Please take swift and decisive action to send a clear message to all sea turtle poachers across that country that their illegal actions will no longer be tolerated. Jairo Mora Sandoval’s murder must be solved and the criminals punished. All the prayers of all the sea turtle conservation workers across the world can not bring Jairo Mora Sandoval back, but you and your administration can turn his tragic death into a historic turning point to end the threat of violence on sea turtle nesting beaches and end poaching in Costa Rica forever.
In the debate over marine mammals in captivity, the public display industry i.e. Sea World maintains that marine mammal exhibits serve a valuable conservation function, people learn important information from seeing live animals, and captive marine mammals live a good life. However, animal protection groups and a growing number of scientists counter that the lives of captive marine mammals are impoverished, people do not receive an accurate picture of a species from captive representatives, and the trade in live marine mammals negatively impacts populations and habitats. The more we learn of marine mammals, the more evidence there is that the latter views are correct. The public display industry has asserted for many years that the display of marine mammals serves a necessary educational purpose, for which the animals’ welfare need not be compromised. Mostly, this assertion has gone unchallenged. But as news gets out via documentaries such as The Cove and Blackfish which expose the traumatic captures, barren concrete tanks, high mortality rates, and aberrant—even dangerous—animal behavior, people are changing the way they “view” animals in captivity.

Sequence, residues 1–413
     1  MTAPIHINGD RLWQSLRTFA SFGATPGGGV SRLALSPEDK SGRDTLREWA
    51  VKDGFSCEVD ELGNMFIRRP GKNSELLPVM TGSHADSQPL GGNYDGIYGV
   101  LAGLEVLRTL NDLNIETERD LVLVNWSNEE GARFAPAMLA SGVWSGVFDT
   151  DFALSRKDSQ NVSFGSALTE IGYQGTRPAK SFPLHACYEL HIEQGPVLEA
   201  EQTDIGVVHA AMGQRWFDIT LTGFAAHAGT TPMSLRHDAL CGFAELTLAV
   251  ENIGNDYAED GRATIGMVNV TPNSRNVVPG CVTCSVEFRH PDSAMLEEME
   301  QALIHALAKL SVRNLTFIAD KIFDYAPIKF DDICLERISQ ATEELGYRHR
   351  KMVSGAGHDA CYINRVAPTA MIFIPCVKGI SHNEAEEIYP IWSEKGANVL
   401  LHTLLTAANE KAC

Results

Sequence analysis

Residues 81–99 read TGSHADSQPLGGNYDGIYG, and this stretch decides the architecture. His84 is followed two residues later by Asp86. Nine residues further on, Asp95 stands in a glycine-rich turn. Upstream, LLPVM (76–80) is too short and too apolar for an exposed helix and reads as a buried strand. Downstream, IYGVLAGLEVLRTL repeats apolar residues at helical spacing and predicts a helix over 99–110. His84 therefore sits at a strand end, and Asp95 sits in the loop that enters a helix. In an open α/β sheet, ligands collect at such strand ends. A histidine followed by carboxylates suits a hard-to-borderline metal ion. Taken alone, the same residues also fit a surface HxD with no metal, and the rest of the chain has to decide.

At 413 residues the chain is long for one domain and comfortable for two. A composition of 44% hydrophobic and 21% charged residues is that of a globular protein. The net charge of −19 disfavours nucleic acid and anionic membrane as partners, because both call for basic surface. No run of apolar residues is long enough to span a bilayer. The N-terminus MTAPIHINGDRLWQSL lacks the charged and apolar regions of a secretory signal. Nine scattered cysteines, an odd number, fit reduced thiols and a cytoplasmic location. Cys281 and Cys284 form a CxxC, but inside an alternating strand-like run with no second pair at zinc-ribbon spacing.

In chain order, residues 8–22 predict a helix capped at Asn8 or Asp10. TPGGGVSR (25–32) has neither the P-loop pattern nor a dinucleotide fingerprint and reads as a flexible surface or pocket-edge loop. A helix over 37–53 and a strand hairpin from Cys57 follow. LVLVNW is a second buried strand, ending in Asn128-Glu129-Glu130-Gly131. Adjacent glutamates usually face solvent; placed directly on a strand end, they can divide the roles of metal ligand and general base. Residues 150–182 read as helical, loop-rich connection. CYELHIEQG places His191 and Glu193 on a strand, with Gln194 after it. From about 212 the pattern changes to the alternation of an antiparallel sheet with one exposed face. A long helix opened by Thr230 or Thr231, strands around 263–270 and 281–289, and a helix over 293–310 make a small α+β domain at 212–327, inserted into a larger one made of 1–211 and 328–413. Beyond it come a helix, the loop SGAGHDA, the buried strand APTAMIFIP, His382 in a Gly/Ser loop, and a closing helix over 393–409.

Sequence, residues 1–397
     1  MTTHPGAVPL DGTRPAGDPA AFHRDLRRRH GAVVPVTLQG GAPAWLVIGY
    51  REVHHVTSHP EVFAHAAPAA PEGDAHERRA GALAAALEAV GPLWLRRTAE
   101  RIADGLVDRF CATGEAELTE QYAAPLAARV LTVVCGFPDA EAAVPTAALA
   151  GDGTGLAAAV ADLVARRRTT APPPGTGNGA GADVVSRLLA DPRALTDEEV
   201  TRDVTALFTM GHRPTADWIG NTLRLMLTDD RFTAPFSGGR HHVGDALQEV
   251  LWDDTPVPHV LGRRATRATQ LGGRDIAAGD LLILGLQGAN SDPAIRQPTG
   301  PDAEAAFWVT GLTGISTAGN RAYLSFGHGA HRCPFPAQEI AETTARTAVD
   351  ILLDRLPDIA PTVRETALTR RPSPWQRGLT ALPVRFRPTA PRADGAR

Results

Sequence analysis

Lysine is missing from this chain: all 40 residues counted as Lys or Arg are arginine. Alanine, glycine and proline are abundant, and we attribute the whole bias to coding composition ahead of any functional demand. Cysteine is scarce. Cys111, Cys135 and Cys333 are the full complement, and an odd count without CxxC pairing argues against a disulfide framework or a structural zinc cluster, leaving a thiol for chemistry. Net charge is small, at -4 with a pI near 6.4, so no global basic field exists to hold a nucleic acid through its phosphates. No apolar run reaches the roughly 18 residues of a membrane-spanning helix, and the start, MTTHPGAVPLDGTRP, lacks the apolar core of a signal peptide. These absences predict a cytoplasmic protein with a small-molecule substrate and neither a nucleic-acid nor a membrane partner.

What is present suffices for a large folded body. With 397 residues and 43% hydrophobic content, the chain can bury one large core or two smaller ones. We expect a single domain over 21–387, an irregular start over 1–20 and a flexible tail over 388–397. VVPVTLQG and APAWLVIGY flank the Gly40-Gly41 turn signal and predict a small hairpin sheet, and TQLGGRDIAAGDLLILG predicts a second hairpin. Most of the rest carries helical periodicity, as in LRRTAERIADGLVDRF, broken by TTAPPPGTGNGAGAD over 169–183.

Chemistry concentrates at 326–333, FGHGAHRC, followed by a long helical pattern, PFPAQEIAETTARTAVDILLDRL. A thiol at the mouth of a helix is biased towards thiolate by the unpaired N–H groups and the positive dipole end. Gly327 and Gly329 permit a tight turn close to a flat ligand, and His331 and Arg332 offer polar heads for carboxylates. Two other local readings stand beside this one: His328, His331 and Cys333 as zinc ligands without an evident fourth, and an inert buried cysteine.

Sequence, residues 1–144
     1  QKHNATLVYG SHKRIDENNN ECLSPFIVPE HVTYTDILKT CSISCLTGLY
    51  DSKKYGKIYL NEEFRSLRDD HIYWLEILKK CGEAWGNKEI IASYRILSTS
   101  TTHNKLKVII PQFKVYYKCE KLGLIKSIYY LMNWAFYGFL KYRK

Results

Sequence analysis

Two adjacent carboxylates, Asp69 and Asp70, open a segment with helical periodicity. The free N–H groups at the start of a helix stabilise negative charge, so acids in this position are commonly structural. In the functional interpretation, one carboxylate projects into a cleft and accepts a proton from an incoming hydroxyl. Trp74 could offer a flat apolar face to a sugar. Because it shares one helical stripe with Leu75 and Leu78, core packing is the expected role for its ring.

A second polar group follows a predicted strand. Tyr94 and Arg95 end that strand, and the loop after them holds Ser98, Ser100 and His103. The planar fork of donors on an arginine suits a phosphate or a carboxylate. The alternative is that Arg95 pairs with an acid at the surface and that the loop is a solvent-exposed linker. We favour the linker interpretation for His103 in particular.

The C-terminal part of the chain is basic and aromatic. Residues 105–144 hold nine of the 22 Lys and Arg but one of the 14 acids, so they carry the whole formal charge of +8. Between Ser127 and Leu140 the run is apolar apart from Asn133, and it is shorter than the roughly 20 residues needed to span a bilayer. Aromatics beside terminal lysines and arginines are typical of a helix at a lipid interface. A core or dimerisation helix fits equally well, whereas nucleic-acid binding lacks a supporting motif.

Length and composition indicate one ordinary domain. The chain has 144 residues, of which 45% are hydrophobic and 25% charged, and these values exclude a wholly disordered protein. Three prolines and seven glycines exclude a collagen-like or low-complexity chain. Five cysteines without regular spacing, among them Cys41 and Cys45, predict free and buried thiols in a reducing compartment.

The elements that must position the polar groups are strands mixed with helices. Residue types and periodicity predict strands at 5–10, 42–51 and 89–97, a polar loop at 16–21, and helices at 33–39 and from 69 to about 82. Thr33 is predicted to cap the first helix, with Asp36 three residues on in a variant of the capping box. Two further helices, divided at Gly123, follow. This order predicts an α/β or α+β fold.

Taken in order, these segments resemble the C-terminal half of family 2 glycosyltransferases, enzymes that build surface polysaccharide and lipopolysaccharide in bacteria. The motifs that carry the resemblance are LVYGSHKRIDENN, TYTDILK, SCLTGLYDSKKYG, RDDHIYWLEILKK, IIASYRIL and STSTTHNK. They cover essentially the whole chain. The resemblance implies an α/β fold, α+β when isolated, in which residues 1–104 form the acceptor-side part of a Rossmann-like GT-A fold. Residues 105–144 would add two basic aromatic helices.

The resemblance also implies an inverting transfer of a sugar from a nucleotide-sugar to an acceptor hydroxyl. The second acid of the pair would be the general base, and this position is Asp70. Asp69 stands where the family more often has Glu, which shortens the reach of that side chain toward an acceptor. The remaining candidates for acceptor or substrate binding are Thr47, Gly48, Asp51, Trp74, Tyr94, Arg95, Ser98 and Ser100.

Some facilities promote themselves as conservation enterprises; however, few such facilities actually are involved in substantial conservation efforts. Rather than enhancing wild populations, facilities engaged in captive breeding tend merely to create a surplus of animals who may never be released into the wild and are therefore only used to propagate the industry.
Contrary to popular perception, captures of wild marine mammals are not a thing of the past. Live captures, particularly of dolphins, continue around the world in regions where very little is known about the status of populations. For smaller stocks, live capture operations are a significant conservation concern. Even for those stocks not currently under threat, the lack of scientific assessment or regard for welfare makes the proliferation of these operations an issue of global concern.